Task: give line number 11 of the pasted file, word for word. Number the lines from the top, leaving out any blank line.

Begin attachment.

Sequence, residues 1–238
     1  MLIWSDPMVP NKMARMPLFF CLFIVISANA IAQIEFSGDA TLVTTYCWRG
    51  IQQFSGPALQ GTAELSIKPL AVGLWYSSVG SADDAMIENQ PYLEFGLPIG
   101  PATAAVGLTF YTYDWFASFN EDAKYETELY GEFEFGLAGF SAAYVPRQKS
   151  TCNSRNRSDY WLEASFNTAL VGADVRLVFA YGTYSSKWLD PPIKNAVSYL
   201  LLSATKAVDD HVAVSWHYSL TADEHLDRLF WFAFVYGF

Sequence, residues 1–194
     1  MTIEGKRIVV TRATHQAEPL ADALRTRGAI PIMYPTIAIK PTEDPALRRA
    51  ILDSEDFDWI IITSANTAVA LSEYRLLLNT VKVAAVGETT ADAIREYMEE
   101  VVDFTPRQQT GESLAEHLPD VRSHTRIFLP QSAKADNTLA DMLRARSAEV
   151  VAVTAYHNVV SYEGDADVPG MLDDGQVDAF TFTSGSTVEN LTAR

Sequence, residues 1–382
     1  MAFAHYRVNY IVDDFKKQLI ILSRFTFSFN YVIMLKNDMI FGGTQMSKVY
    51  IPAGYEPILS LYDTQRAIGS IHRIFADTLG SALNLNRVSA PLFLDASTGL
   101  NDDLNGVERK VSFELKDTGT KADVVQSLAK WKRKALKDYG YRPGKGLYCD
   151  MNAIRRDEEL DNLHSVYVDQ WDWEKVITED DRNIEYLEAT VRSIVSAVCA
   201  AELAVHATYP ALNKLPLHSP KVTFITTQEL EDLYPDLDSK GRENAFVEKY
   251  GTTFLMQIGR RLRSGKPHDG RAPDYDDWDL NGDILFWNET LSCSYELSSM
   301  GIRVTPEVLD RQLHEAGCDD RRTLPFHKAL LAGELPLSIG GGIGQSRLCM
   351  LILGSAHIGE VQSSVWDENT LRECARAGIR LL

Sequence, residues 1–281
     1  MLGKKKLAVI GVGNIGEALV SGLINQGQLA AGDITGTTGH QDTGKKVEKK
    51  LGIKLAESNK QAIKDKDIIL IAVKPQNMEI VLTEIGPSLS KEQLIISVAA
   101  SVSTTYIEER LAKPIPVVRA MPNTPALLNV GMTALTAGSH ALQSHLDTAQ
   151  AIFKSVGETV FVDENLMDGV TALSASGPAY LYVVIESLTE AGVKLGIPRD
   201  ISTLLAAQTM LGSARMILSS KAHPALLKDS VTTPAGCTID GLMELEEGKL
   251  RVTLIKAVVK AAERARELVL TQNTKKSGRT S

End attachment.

   151  VAVTAYHNVV SYEGDADVPG MLDDGQVDAF TFTSGSTVEN LTAR